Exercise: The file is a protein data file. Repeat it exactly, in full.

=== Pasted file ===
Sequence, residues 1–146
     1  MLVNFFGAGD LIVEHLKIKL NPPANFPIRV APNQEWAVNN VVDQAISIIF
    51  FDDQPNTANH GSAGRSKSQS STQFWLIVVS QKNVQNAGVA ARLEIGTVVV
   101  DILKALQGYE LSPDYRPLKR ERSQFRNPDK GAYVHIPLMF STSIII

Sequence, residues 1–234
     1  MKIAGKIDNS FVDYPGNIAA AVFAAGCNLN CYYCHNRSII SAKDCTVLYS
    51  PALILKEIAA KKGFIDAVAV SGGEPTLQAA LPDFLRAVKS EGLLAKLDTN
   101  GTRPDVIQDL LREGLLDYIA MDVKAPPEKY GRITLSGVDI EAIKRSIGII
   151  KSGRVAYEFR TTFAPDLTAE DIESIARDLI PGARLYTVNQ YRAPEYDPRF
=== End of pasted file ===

Sequence, residues 1–146
     1  MLVNFFGAGD LIVEHLKIKL NPPANFPIRV APNQEWAVNN VVDQAISIIF
    51  FDDQPNTANH GSAGRSKSQS STQFWLIVVS QKNVQNAGVA ARLEIGTVVV
   101  DILKALQGYE LSPDYRPLKR ERSQFRNPDK GAYVHIPLMF STSIII

Sequence, residues 1–234
     1  MKIAGKIDNS FVDYPGNIAA AVFAAGCNLN CYYCHNRSII SAKDCTVLYS
    51  PALILKEIAA KKGFIDAVAV SGGEPTLQAA LPDFLRAVKS EGLLAKLDTN
   101  GTRPDVIQDL LREGLLDYIA MDVKAPPEKY GRITLSGVDI EAIKRSIGII
   151  KSGRVAYEFR TTFAPDLTAE DIESIARDLI PGARLYTVNQ YRAPEYDPRF